Reception report

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A reception report is a means by which radio stations (usually short- and medium-wave broadcasters) receive detailed feedback from their listeners about the quality and content of their broadcasts. A reception report consists of several pieces of information which help the station verify that the report confirms coverage of their transmission, and usually include the following information:

  • Date, time and frequency (in kHz) of the transmission
  • Station name
  • Description of the interval signal, if heard
  • Programme details
  • Name of announcers or programme host, if heard
  • Details of the overall signal quality (normally using the SINPO code)

The listener's location relative to the station is also useful; this indicates how well the station's transmitter is performing and in which direction(s) its antenna is beaming the signal. The station also evaluates a reception report in light of the listener's receiver and antenna. Upon receipt of a correct report, a broadcaster sometimes issues a letter or postcard (known as a QSL card) to the sender, thanking them and confirming that the details are correct. "QSL" is part of the amateur radio Q code, meaning "I acknowledge receipt". One aspect of DXing is collecting QSL cards and letters from stations heard (similar to a birdwatcher's "life list"). QSLing a radio station involves writing an accurate reception report, mailing it to the station and awaiting a reply. Since QSLing is a voluntary act on the station's part, several techniques are used to improve a listener's success rate.

Useful reception reports[edit]

Station engineers and other personnel are primarily interested in whether or not their station is heard, and how well; therefore, a complete and accurate reception report (whether by postal or e-mail) is generally appreciated. To begin, report the frequency, date and time the station was heard. For medium-wave (AM) stations, the time should be that of the time zone in which the station is located. Thus, if a listener hears stations from the Eastern time zone of North America (such as Ontario and New York), EST or EDT should be given (depending on the time of year). Stations in the Central time zone (such as Chicago) use CST or CDT, which is one hour earlier than Eastern time. If a listener is uncertain of the time zone, they should clearly indicate their local time or even better use UTC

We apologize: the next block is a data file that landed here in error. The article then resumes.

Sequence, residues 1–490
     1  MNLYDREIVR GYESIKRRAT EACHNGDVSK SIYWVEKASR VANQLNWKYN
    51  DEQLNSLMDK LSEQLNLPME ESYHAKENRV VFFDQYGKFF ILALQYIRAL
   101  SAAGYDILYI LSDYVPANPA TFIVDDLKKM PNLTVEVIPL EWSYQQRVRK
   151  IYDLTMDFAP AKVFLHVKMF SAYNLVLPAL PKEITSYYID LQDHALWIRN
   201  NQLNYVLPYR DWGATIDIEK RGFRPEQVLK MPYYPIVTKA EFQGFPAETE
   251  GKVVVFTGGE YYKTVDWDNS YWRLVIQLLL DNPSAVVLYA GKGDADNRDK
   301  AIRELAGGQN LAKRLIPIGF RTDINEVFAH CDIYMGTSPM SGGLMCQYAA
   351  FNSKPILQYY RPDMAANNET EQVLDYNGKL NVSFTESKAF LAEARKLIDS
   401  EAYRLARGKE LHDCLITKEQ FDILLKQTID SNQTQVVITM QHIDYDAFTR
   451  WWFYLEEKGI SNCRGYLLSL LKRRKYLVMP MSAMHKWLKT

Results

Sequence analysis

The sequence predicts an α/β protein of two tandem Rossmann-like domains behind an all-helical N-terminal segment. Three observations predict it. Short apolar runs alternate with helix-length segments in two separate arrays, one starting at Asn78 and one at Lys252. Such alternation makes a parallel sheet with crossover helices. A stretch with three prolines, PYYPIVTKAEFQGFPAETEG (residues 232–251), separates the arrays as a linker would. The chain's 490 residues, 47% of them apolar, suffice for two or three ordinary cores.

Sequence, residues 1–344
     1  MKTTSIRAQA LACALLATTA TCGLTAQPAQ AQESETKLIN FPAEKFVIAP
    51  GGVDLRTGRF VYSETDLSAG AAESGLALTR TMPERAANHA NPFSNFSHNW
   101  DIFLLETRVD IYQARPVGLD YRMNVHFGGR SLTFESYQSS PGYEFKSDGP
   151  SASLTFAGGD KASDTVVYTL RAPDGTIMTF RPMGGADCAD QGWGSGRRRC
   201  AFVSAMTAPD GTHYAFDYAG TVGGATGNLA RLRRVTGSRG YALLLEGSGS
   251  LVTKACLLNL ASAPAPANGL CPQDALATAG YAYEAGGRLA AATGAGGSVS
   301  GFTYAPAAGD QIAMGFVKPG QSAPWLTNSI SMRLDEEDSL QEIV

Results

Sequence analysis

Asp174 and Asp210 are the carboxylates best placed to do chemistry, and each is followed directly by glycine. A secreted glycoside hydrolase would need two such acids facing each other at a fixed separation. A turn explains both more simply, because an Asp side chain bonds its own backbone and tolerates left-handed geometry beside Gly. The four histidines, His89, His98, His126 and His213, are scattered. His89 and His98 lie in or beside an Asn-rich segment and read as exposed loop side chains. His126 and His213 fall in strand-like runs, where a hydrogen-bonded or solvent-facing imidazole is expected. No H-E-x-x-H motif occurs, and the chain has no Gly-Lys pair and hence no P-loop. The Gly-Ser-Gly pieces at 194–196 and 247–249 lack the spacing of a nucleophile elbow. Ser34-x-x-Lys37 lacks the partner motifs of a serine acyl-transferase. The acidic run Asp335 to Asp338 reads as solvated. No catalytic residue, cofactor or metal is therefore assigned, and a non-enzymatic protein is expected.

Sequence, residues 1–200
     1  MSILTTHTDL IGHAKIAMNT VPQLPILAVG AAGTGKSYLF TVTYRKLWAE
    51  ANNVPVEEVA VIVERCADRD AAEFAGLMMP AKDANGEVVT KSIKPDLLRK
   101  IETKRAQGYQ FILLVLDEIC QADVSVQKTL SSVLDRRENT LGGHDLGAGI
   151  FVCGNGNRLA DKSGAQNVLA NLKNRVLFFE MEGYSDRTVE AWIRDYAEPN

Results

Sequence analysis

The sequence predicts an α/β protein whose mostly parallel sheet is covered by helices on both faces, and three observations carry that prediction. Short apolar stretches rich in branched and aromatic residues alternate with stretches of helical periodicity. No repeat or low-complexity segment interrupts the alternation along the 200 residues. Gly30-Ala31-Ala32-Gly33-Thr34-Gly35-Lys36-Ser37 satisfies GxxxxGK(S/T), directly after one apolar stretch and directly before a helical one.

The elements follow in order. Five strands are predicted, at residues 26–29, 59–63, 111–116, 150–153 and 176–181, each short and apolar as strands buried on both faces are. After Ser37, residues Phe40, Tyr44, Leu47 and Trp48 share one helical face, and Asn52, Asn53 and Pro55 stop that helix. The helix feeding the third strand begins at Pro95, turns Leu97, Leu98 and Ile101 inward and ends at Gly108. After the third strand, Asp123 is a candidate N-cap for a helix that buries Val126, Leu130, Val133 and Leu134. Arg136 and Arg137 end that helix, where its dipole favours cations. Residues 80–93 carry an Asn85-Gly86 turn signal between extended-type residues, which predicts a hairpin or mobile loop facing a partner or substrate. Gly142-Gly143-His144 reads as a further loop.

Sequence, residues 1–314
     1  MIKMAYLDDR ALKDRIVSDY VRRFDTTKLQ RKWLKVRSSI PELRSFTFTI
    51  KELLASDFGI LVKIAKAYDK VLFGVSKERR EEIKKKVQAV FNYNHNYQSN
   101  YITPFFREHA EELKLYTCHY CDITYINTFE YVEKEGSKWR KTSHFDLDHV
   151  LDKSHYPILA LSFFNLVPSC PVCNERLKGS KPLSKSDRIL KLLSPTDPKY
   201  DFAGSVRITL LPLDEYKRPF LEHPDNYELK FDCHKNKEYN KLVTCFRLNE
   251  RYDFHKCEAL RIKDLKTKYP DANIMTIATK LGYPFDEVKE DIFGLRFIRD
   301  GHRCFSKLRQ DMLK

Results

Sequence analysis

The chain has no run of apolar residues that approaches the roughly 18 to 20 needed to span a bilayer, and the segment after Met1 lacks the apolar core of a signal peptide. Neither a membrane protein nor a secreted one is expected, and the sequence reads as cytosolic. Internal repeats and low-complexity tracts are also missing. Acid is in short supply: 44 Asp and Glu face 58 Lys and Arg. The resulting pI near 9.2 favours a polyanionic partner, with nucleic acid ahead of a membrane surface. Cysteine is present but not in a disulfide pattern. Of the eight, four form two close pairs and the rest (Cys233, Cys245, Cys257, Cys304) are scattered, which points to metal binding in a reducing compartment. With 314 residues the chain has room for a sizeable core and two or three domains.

It is helpful to jot down programming as it is heard. Useful details include:

The purpose of providing this information is to prove to the station that you heard their program and not that of another station. The more detail a listener can provide, the better the chance of eliciting a QSL. Include information, also, about how well the signal was received. For medium-wave reports, an indication of signal strength and any interference (co- or adjacent-channel interference, with identity of interfering station if possible) is usually sufficient.[1] International shortwave broadcasters are familiar with the SINPO code:

  • Signal strength
  • Interference (includes human-generated noise—for example, power-line hum)
  • Noise ("white noise", or thunderstorm static)
  • Propagation disturbance (fading)
  • Overall reception quality

Each letter receives a value between 5 and 1, where 5 is the best and 1 the worst. Many shortwave listeners (known as "program listeners") desire nothing more than music and news from a broadcaster; however, for DXers a QSL collection is tangible proof of what they have heard. Some listeners use pre-printed forms if they are unfamiliar with the language spoken by station personnel.[2] While major international broadcasters have not required return postage for a QSL, the growing popularity of e-mailed reception reports and e-QSLs has largely eliminated the necessity for international reply coupons (IRCs), mint stamps from the verifying station's country or "green stamps" (US dollar bills).

References[edit]